SANTA FE, N.M. (AP) -- New Mexico's new tourism ad isn't done yet, but it's already creating quite a buzz.
First, the Tourism Department touched some local nerves by hiring a Texas firm to produce its new branding campaign. That firm chose a California producer rather than someone in New Mexico's film industry to shoot the spot. And on Friday, traditional and social media was abuzz over the ad's "real people" casting notice, which called for Caucasian or "light-skinned" Hispanics to star in the spot.
The Santa Fe New Mexican in an editorial Friday (http://bit.ly/z9ZwJ1) called the "light-skinned" requirement "wrong-headed."
"Hearing that term brings to mind a vision of casting agents holding up paper bags next to people's faces to ensure they can pass," the Santa Fe New Mexican wrote. "We don't know, of course, who made it into the shoot and how New Mexico will be presented to the world once the campaign is unveiled. But really, light-skinned only? What were they thinking?"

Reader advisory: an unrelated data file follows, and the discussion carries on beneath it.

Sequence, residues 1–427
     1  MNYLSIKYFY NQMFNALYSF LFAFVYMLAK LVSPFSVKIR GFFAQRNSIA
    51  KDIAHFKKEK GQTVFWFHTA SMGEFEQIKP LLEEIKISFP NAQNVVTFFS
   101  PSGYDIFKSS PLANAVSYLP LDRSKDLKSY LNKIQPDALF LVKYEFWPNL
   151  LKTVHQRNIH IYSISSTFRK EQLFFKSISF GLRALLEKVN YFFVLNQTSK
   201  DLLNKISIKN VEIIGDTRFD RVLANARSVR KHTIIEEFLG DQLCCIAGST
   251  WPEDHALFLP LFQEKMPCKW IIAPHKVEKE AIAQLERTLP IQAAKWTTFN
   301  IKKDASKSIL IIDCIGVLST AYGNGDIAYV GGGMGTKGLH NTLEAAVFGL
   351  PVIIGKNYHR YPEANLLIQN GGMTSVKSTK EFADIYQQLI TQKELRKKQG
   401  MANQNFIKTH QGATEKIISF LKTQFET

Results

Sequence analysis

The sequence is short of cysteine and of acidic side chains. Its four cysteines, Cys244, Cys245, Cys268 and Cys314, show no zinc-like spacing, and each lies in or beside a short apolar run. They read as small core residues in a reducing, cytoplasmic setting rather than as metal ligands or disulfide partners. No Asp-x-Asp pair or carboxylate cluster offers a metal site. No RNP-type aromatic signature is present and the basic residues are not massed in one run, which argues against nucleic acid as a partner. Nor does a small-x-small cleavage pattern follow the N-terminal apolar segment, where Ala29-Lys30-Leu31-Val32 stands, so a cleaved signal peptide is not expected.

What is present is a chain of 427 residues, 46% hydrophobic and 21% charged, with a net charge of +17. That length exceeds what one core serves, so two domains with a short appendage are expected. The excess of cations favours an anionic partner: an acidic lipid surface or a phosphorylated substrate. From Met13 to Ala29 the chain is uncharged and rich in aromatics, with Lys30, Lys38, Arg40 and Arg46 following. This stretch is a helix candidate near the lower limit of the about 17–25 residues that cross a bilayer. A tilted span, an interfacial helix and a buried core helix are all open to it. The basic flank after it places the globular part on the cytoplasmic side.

The ad, which is being designed as part of a $2 million yearlong effort by Tourism Secretary Monique Jacobson to create a brand that will attract more out-of-state visitors, was shot in a variety of locations and is scheduled to be unveiled next month.
Jacobson, according to the editorial, has said that it included Native Americans dancing.
But the casting notice seeking fit and attractive people to portray real families carried the light-skin requirement.
"We'd wager that there are more than a few active Native climbers and bikers, couples and families even," the Santa Fe New Mexican wrote. "Native people dance and make art, yes, but they are fully in the modern world. They, along with dark-skinned people, even take vacations."
Tourism officials did not immediately respond to emails or phone calls about the ad.
According to the latest Census data, 46 percent of New Mexicans are of Hispanic or Latino origin. Just under 10 percent are Native American.
The state also has the nation's first female Latina governor, Republican Susana Martinez.